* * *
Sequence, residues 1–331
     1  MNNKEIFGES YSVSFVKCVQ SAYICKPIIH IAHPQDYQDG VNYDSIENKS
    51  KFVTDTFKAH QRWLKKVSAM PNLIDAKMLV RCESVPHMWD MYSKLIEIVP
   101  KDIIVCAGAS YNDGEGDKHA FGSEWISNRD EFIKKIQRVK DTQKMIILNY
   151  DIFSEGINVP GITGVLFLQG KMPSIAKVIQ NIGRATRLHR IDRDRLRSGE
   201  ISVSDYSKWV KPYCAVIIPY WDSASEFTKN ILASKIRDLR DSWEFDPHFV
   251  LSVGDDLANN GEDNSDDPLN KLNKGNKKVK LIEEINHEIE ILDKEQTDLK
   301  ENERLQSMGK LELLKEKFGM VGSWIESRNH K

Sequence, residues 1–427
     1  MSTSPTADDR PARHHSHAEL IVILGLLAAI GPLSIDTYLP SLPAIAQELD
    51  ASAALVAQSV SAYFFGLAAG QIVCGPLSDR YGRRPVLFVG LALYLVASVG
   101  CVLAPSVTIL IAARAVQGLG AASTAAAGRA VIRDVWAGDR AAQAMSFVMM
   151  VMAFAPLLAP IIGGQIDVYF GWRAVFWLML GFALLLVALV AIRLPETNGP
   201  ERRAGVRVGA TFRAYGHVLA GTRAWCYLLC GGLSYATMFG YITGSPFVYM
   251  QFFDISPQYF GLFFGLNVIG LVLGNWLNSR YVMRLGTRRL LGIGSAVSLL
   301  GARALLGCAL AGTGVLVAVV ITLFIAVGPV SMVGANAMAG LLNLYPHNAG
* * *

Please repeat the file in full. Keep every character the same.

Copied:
Sequence, residues 1–331
     1  MNNKEIFGES YSVSFVKCVQ SAYICKPIIH IAHPQDYQDG VNYDSIENKS
    51  KFVTDTFKAH QRWLKKVSAM PNLIDAKMLV RCESVPHMWD MYSKLIEIVP
   101  KDIIVCAGAS YNDGEGDKHA FGSEWISNRD EFIKKIQRVK DTQKMIILNY
   151  DIFSEGINVP GITGVLFLQG KMPSIAKVIQ NIGRATRLHR IDRDRLRSGE
   201  ISVSDYSKWV KPYCAVIIPY WDSASEFTKN ILASKIRDLR DSWEFDPHFV
   251  LSVGDDLANN GEDNSDDPLN KLNKGNKKVK LIEEINHEIE ILDKEQTDLK
   301  ENERLQSMGK LELLKEKFGM VGSWIESRNH K

Sequence, residues 1–427
     1  MSTSPTADDR PARHHSHAEL IVILGLLAAI GPLSIDTYLP SLPAIAQELD
    51  ASAALVAQSV SAYFFGLAAG QIVCGPLSDR YGRRPVLFVG LALYLVASVG
   101  CVLAPSVTIL IAARAVQGLG AASTAAAGRA VIRDVWAGDR AAQAMSFVMM
   151  VMAFAPLLAP IIGGQIDVYF GWRAVFWLML GFALLLVALV AIRLPETNGP
   201  ERRAGVRVGA TFRAYGHVLA GTRAWCYLLC GGLSYATMFG YITGSPFVYM
   251  QFFDISPQYF GLFFGLNVIG LVLGNWLNSR YVMRLGTRRL LGIGSAVSLL
   301  GARALLGCAL AGTGVLVAVV ITLFIAVGPV SMVGANAMAG LLNLYPHNAG